Defendant concedes that the named plaintiff is not barred from bringing his individual § 10(b) suit, even though this suit was begun after the statute would have run, because the running of the period was tolled by the filing of a class action in the case of Markewich v. Ersek, Civ. 3-83-810. Briefly, that case was filed June 9, 1980 in the Southern District of New York. Mr. Markewich purported to represent in a § 10b action the same class of purchasers that Mr. Burns seeks to represent in this case. After Mr. Markewich's motion for class certification was denied, Curtis Delegard was granted leave to intervene. His motion for class certification was subsequently denied and Lloyd Anderson intervened. Mr. Anderson's motion for certification was also denied. (All were denied on the grounds that plaintiffs were not proper class representatives.) Markewich was then transferred to this court pursuant to 28 U.S.C. § 1404(a). Defendant concedes that the tolling doctrine of American Pipe Construction v. Utah, 414 U.S. 538, 94 S.Ct. 756, 38 L.Ed.2d 713 (1974) applies to Mr. Burns' individual claim, provided that same claim was raised in the previous class action. American Pipe held that "the commencement of a class action suspends the applicable statute of limitations as to all asserted members of the class who would have been parties had the suit been permitted to continue as a class action." Id. at 554, 94 S.Ct. at 766.
Defendants contend that this tolling doctrine grants to the individual members of a purported class action the right to either intervene in the pending class action or to file their own lawsuits. Crown, Cork Seal Company, Inc. v. Parker, 462 U.S. 345, 103 S.Ct. 2392, 76 L.Ed.2d 628 (1983). That doctrine does not, defendants say, permit an unnamed member of a class to commence his or her own class action upon the denial of class certification in the original class proceeding. Such an interpretation would permit perpetual tolling, prejudicing defendants and allowing use of extremely stale evidence.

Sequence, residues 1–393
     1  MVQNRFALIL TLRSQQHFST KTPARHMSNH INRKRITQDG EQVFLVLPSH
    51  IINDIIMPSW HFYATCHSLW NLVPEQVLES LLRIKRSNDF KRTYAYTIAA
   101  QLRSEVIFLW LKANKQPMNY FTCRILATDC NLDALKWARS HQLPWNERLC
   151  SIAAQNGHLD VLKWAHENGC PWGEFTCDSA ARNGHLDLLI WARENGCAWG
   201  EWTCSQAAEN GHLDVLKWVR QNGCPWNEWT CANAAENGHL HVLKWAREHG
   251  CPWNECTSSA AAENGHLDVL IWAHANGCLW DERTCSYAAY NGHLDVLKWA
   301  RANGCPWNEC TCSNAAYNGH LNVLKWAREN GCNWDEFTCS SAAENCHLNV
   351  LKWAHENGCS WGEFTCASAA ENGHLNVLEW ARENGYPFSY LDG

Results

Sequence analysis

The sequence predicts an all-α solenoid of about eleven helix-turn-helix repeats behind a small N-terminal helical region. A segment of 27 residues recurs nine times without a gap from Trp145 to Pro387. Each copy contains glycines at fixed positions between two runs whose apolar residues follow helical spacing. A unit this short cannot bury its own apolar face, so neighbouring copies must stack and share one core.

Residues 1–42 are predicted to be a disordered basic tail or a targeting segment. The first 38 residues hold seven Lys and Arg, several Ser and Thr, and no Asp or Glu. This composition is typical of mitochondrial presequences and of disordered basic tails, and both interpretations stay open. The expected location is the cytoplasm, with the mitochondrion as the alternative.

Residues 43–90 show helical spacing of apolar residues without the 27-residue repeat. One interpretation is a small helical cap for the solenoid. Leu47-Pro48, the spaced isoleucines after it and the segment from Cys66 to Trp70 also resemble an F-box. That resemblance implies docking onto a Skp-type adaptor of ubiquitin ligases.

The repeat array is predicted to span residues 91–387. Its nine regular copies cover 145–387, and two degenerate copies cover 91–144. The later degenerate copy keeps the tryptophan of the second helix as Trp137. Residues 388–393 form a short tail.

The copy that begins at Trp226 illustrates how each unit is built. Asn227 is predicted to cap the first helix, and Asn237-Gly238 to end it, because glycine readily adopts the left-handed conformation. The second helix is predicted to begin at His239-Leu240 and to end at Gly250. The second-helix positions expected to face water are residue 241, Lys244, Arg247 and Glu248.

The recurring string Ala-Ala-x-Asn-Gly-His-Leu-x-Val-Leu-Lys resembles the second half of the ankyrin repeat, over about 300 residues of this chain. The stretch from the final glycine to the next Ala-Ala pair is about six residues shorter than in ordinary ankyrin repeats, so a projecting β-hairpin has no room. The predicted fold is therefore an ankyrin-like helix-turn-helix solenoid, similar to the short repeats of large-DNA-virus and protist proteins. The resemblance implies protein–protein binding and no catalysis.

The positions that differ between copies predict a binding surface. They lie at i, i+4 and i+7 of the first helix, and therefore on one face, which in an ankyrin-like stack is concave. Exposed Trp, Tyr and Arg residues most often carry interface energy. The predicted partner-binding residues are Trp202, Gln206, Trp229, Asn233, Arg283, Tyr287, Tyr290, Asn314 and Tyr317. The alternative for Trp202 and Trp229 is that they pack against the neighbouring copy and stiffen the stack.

Plaintiff contends that the tolling doctrine of American Pipe does apply to toll the claims of the putative class members in Burns, as well as the claims of the named plaintiff. Plaintiff claims that defendant's interpretation would frustrate the purposes of Fed.R.Civ.P. 23 and is not required by American Pipe or Crown Cork.
While there appears to be little law on the question, the court agrees with defendant that the tolling doctrine does not apply to the class allegations of the putative class members in Burns. American Pipe was a federal antitrust suit filed with only 11 days left to run on the applicable statute of limitations. After the district court had ruled that the suit could not proceed as a class action and after the statute would have run, a number of putative class members moved to intervene. The Supreme Court held that the motions to intervene were not time-barred. The court recognized that unless the statute of limitations was tolled by the filing of the class action, class members would not be able to rely on the existence of the class suit to protect their rights. Instead, they would be required to file motions to intervene or to join to protect themselves against possible denial of class certification and running of the statute. 414 U.S. at 553, 94 S.Ct. at 766. The purposes of the class action procedure — promotion of efficiency and economy of litigation — would be frustrated. Id. Thus the court ruled that commencement of the class action suspended the applicable statute of limitations for the intervenors.
Following American Pipe, a split developed in the circuits as to whether the tolling doctrine applied only to putative class members who sought to intervene after denial of class certification or whether it extended to those class members who later filed individual actions. See, e.g. Pavlak v. Church, 681 F.2d 617 (9th Cir. 1982) vacated ___ U.S. ___, 103 S.Ct. 3529, 77 L.Ed.2d 1382 (1983) (vacated and remanded for consideration in light of Crown Cork); Stull v. Bayard, 561 F.2d 429 (2d Cir. 1977), cert. denied, 434 U.S. 1035, 98 S.Ct. 769, 54 L.Ed.2d 783 (1978) (limiting doctrine to intervenors). But see Parker v. Crown Cork Seal Co., Inc., 677 F.2d 391 (4th Cir. 1982) (extending doctrine to all members).
In Crown Cork Seal Co., Inc. v. Parker, 462 U.S. 345, 103 S.Ct. 2392, 76 L.Ed.2d 628 (1983), the Supreme Court resolved the question and ruled that filing of a class action tolled the statute as to all asserted members of the class, not just as to intervenors. Id. at 2395. The court noted that many of the same inefficiencies that concerned the Court in American Pipe would ensue if the tolling rule were limited to intervenors. A putative class member who feared denial of class certification would still have every incentive to file a separate action prior to expiration of his or her own period of limitations. Id. at 2396. The Court thus held that the statute remained tolled for all members of the putative class until class certification was denied. Id. at 2397.